Twentieth century political storms in Crimea loom on the horizon. The class difference between Russian serfs and prosperous German people brought into Russia by Catherine the Great. The ‘serfs’ or everyday Russian people had severe limitations; they were close to slaves. There was no hope for them to prosper. Those limitations weren’t placed on the Germans many of whom were industrious members of the Mennonite groups.
The differences in opportunity led to deep class chasms. In good times, these differences weren’t painful. In bad times, when money and food were scarce for the Russians, the clouds began to grow into thunderheads.
The world is at war and revolution threatens. Revolution becomes ugly and personal in the corners of need and prosperity. Fear is justified when crude and violence becomes a danger. Against this backdrop of fear and danger, three young people search for hope and love.
South Russia, 1914.
Katarina Hildebrandt’s tranquil life on her family’s Crimean estate is about to change. A quiet leader in her family and community, Katarina holds fast to her faith. A truly generous and humble soul, she tries to relieve hunger and cold in the community. But, her roots — her home at the family holdings, Succoth, will not hide the tender, cultured lifestyle that the community is coming to resent more and more.
There’s no hysteria in this young woman. She isn’t ignorant of the coming storm. Katarina will be a leader throughout. Her heart belongs to the tutor hired for the two youngest children in her family.
Tutor Johann Sudermann has found true faith, but it will turn his life upside-down. Johann is attracted to the beautiful, vain, but amazingly efficient second sister in the Hildebrandt household, Maria. For a time. Then, he begins to see the light.
But, the military draft calls him as a non-combatant. First he will be working in the forests. Then, he will become a medic on the fields of war. His honor, integrity and strength are tested. If he can only get home — first to his parents to mend bridges, then to Succoth and Katarina.
And Paul Gregorovich Tekanin, working for the revolution in St. Petersburg, finds it will demand his soul as well as his wit and strength. The Russian, Paul and the German, Johann were unusual friends before the storm. As a revolutionary, Paul manages to avoid the front lines of battle. He operates undercover, seeking to weaken the Czar and bring freedom to the people. The battlefields of the terrorist are not all rosy conquest. Where will this young man who claims to be of no faith find a port in the storm?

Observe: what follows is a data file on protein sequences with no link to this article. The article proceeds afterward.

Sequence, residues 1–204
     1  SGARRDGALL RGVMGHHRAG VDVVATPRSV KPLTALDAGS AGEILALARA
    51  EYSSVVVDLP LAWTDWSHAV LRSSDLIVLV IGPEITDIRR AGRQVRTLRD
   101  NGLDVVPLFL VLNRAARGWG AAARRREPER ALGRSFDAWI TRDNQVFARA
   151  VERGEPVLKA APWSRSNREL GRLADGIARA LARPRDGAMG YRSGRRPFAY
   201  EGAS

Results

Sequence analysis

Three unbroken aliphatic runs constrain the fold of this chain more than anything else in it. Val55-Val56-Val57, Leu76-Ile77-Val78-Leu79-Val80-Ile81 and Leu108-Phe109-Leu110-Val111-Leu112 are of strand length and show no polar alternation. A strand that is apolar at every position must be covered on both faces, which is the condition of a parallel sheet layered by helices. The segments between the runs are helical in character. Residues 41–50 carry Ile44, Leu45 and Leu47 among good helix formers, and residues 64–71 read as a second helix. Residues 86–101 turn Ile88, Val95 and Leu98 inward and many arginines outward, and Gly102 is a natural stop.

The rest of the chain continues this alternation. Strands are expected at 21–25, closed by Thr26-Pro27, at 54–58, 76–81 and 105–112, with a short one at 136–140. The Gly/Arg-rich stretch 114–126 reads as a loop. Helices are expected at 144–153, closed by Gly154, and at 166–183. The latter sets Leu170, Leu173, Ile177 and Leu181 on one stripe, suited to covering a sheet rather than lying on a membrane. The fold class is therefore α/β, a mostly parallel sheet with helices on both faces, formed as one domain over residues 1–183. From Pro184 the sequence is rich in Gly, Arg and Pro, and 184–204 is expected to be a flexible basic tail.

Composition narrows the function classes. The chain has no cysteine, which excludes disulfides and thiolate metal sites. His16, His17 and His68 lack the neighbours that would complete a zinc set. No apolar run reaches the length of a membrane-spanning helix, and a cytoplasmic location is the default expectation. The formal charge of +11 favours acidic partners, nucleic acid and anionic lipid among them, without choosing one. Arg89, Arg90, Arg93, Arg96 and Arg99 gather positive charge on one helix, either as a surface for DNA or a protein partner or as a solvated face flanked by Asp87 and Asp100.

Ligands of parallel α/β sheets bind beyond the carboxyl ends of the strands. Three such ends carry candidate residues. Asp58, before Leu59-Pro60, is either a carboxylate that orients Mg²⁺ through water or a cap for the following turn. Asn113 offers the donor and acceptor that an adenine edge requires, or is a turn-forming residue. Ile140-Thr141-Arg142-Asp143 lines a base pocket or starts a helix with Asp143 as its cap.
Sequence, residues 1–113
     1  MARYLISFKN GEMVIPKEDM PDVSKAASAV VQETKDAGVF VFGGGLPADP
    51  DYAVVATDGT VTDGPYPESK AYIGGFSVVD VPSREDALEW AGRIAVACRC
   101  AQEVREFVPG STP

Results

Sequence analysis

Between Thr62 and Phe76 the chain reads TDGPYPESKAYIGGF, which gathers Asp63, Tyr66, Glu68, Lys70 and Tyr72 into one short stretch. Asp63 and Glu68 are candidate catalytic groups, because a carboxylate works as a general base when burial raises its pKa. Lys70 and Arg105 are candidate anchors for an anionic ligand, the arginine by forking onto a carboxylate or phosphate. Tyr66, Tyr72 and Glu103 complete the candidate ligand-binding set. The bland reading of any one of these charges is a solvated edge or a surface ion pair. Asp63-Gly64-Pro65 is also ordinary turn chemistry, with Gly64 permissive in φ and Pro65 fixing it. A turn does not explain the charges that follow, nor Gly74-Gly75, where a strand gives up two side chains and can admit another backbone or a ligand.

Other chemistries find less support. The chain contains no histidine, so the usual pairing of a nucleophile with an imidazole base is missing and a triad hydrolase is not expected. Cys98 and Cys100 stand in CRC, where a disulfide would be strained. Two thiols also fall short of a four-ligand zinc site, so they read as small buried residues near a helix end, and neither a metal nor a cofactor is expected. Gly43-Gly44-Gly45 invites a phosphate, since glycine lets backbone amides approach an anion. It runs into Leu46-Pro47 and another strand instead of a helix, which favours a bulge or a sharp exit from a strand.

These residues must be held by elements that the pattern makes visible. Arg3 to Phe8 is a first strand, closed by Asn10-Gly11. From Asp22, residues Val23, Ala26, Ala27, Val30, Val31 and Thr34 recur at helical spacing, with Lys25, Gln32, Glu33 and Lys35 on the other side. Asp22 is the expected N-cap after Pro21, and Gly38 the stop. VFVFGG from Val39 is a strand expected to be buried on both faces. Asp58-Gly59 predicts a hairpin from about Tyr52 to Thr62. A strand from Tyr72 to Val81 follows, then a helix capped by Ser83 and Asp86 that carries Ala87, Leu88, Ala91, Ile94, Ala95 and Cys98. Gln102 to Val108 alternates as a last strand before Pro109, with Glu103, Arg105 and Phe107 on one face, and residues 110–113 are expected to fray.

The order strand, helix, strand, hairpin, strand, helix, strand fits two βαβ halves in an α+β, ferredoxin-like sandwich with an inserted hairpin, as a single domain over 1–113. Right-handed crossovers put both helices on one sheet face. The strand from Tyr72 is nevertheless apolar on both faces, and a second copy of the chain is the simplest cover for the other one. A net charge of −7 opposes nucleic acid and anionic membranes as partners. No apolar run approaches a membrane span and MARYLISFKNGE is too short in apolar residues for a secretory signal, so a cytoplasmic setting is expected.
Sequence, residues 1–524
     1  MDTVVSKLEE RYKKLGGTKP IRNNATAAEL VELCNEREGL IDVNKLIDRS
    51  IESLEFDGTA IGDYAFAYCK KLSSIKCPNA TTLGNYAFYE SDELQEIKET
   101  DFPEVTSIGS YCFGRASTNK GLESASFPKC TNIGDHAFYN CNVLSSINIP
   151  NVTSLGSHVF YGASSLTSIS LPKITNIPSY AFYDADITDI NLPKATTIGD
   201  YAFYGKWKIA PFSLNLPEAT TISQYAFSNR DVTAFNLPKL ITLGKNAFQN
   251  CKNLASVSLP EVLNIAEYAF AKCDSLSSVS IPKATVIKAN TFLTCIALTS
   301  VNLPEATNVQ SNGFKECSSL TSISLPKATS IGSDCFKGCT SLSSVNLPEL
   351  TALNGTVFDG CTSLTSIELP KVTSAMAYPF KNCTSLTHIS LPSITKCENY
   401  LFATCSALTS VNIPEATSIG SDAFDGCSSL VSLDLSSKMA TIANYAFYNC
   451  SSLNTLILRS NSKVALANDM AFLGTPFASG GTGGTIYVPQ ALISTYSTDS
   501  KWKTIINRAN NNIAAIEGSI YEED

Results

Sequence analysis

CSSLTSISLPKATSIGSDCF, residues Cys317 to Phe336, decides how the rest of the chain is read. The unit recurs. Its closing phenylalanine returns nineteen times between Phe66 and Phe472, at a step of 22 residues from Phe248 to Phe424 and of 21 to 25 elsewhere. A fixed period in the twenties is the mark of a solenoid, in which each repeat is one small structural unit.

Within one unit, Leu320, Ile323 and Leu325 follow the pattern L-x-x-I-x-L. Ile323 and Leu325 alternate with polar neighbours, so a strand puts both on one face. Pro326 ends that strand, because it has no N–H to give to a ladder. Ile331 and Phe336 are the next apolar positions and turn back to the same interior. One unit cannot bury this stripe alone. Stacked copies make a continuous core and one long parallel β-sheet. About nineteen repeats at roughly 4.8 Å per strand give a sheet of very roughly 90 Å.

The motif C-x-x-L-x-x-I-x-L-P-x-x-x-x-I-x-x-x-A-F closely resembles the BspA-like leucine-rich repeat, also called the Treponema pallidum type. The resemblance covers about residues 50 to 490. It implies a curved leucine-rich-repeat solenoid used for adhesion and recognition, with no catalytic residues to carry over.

How will these three and the ones they love find faith to weather the coming storm?
Always Upheaval in the World
As we read with 20/20 hindsight, the coming Bolshevik revolution in Russia with the bloody overthrow of the Czar is going to be a disappointment. But, our characters don’t have our point of view. German people were immigrating out of Russia, often to America, a few decades before the social wounds were ripped open. World War I brought greater suffering to the common people of Russia and expanded the social infection.
The Hildebrandt family were successful in the Crimea and were generous to servants and those in the community. They acknowledged the pride of the impoverished and found ingenious ways to help. Some members of their family did leave Russia before the war.
People who left were almost ‘kicked out’ with as little as could possibly be allowed. The things they left were for those who could enjoy their wealth. Some of these folks used their native innovation to smuggle their fortunes out of the country. One trick utilized false bottoms in the few trunks permitted to leave.
When Catherine The Great brought people from her native Germany to Russia, she had a plan for the German tendencies toward hard work and innovation. As a member of the European royalty and upper class, she didn’t relate well to the status of the serfs. Some thought that the Russians were incapable of governing themselves. Only the ‘more brilliant’ German minds could bring prosperity to Russia.
What I Liked about Calm Before the Storm
Author, Janice L Dick writes faith based novels, plain and clear. She was drawn to the story of the German Mennonites in Russia because of family roots. This first book in a series holds promise of more insight into the personalities. We see maturity coming to youthful characters. The mature family members are supportive of their children or grandchildren. The statements of faith are clear, but without judgment. Thus, we see Paul as a valuable person despite his denial of faith. Maria is not as enthusiastic about church life as others in her family. Johann also takes awhile to ‘get it.’
There is romance in Calm Before the Storm, but the relationships are wholesome and positive. There is no graphic violence for the sake of violence. The language can only be described as ‘CLEAN.’
While the Hildebrandt family and their friends would have met the qualification for humility and generosity, they were comfortable in their profession and prosperity. Some people were serfs and servants, but not the Hildebrandt people. This historical descriptions are a joy for me. With this novel and other reading about this part of the world, I am intrigued and impressed with the fertility of the land. As a child growing up during the Cold War, my perception of these regions were unproductive, war-torn Hell — not a land that sang to me. Not the amazing agricultural and industrial productivity that history reports.
I’m looking forward to future novels in the series and am honored to have been included in early reading and a launch team.
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